Community Scholars Lecture: Voices From Inside America’s Mass System of Punishment
Written by Bwog Staff
The Community Scholars Lectures are the product of a partnership between the Columbia School of Professional Studies and the Office of Government and Community Affairs. In their second lecture of the year, which took place on March 7th at Low Rotunda, Reverend Vivian Nixon, Executive Director of the College and Community Fellowship, Columbia University Community Scholar and formerly incarcerated woman, delivered her talk “ Voices From Inside America’s Mass System of Punishment: The Freeing Power of Higher Education.” Staff Writer Gloriana Lopez surrounded herself with real adults and decided to not write about basketball for once in her life.
“The United States makes up less than 5% of the world population and yet comprises 25% of the prison population. Incarceration rates are higher even though crime rates are down, and a study by the NAACP states that black people are 6 times more likely to end up in prison than their white counterparts. If the trend continues 1 out of 3 Black children born now will end up in prison.” Dean Jason Wingard of the School of Professional Studies preceded Vivian Nixon by stating these facts. There is no justifiable reason for these numbers, according to Wingard, and he explained that Carter, Reagan, and Clinton’s “War on Drugs” might have contributed to such a phenomenon. Education, Wingard continued, plays a crucial role in stopping these patterns; as Victor Hugo said, “he who opens a school closes a prison.” Mass incarceration has been proved to not have any benefits, so why keep it? These are the issues that Reverend Nixon would tackle in her lecture.
Education is a freeing activity that can lead to the decarceration movement. People talk about the relationship between the system of punishment and race, class, gender, political suppression, and religion, yet they only do so by talking about each of these factors separately. Doing so, Reverend Nixon said, does not give a full understanding of the complexity. She explored these ideas through the unconventional research of experience, in which her story and those of the people she encountered in prison as well as in her work were the basis of her argument.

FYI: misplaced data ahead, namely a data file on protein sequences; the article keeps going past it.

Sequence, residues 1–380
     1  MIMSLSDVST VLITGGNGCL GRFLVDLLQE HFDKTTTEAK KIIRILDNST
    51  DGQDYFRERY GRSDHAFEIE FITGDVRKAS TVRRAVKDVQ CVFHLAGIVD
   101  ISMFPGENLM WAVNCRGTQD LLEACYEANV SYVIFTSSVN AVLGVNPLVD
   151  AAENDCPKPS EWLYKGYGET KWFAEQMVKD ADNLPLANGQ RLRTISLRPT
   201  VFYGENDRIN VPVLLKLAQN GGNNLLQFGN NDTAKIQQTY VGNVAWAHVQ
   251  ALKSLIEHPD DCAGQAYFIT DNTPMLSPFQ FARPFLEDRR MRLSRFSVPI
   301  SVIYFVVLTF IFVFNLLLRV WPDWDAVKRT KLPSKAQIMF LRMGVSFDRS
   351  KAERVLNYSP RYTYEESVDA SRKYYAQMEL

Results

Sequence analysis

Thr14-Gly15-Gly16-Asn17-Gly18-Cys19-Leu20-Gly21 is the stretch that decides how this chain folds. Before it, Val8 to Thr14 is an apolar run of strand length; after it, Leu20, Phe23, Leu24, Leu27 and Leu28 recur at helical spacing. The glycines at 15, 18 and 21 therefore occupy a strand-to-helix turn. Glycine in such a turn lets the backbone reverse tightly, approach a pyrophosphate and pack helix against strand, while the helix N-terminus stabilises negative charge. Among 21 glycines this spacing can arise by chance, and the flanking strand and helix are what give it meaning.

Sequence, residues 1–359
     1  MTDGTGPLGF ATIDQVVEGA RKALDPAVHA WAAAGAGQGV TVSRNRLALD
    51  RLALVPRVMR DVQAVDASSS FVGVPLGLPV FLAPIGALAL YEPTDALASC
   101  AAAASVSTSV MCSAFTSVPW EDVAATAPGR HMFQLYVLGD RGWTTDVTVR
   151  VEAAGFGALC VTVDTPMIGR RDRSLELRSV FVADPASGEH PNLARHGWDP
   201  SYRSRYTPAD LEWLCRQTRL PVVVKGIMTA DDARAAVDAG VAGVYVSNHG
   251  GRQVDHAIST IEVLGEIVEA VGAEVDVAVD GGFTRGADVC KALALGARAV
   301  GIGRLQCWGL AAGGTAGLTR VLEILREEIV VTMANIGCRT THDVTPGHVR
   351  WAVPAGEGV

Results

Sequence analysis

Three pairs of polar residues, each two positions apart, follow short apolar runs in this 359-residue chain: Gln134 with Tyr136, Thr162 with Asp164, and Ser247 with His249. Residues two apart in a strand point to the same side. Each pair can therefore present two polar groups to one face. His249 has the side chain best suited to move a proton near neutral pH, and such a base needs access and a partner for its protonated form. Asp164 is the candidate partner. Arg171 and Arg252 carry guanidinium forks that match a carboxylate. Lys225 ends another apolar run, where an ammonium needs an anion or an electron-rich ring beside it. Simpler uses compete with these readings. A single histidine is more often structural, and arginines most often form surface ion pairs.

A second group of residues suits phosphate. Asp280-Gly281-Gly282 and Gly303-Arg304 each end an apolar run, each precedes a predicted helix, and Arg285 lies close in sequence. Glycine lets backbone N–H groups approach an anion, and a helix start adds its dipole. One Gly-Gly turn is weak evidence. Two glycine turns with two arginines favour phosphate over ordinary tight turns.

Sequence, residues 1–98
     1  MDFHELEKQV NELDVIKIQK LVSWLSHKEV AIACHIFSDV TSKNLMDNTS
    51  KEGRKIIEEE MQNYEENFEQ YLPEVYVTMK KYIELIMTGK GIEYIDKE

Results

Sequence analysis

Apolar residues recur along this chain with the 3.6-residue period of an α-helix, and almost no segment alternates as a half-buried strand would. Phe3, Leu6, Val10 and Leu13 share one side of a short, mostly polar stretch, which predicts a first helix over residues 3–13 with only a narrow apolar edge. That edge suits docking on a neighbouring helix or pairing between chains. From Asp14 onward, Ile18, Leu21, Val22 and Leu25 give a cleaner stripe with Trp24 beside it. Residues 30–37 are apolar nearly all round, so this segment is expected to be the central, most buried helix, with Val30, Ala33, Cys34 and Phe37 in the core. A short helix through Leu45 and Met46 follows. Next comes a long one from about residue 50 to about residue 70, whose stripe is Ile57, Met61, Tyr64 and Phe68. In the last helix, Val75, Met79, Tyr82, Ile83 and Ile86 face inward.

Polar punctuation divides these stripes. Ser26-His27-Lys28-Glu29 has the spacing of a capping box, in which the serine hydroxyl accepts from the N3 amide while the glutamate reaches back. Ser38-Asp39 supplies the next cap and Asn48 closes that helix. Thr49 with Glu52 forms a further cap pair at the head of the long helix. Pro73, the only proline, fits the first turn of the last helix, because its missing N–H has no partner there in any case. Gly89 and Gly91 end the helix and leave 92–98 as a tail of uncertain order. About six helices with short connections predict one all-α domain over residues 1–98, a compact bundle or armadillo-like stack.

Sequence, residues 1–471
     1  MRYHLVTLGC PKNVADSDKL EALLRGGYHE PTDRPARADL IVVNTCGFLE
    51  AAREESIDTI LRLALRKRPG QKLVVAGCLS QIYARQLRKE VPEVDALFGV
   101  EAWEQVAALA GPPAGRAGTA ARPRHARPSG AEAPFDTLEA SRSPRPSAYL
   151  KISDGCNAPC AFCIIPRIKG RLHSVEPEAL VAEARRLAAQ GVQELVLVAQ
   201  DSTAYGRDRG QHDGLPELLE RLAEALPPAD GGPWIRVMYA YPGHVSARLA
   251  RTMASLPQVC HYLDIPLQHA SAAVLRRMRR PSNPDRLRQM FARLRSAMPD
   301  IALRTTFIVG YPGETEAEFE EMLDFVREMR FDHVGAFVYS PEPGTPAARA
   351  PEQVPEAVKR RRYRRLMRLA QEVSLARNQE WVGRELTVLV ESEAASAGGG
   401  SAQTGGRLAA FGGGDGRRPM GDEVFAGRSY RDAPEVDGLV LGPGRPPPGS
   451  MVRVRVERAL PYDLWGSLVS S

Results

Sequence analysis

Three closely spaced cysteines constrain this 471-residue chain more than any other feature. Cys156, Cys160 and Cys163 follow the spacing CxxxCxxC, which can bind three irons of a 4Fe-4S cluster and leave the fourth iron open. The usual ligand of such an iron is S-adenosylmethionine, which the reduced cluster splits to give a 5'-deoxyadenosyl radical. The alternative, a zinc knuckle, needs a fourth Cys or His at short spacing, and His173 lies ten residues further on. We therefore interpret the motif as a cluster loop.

She began her explanation with the story of her life. Vivian Nixon grew up in a wealthy community in North Shore Long Island and was from a working class family, whose jobs consisted of being laborers for the wealthier people. Her grandmother was a midwife for the Rockefeller and the Guggenheim families and her parents were involved in the Civil Rights Movement. For them the Civil Rights Movement meant finally achieving equality whereby they had the “bootstrap mentality,” and they thought that success meant having a good job that provided benefits. Nonetheless, Nixon mentions, the rhetoric of bootstrapping is based on privilege: the privilege of having boots and that those boots have straps.
The Black Church also preached that bootstrapping was a way to deal with issues of race, class and other factors. Quoting Reverend Floyd Flake (fitting name I must add), in the book The Way of the Bootstrapper–a Nixon read in prison–she said, “Bootstrappers do not see themselves as victims but have confidence in their ability to rise beyond the limited expectations that others have imposed on them. They develop inner strength from their experiences and sufferings, which allows them to preserve even in the face of challenging odds” (3). As she was reading this book she asked herself, “Is this man aware of his own privilege?” Reverend Floyd Flake was a member of the United States congress Reverend Nixon’s real education, she comments, began in 1997, when she was “bootless, strapless and in prison.”
After this anecdote she addressed the problem of race in mass incarceration by talking about Michelle Alexander’s book, The New Jim Crow. Mass incarceration is an echo of previous racist policies as more black people have been incarcerated recently than there were slaves 10 years before the Civil War. People of color make up 30% of the United States population and 60% of that in prison. However, it is not the numbers that matter, but who is damaged by it and why. Fortunately Alexander’s book has allowed more people to understand the implications of the criminalization of people of color.
Reverend Nixon addressed the issue of poverty and mass incarceration by saying that poverty is both a cause and a result of incarceration. Citing a study from Harvard University, she said that without mass incarceration, the official poverty rate in the United States would have decreased. A steady job is what provides the opportunity of upward mobility, but although the minimum wage has increased it does nothing if jobs are not available for those who need them the most. More opportunities should be available for those in prison. Part of the increased risk of poverty lies on the fact that children of incarcerated people have an increased risk of being in foster care or being homeless.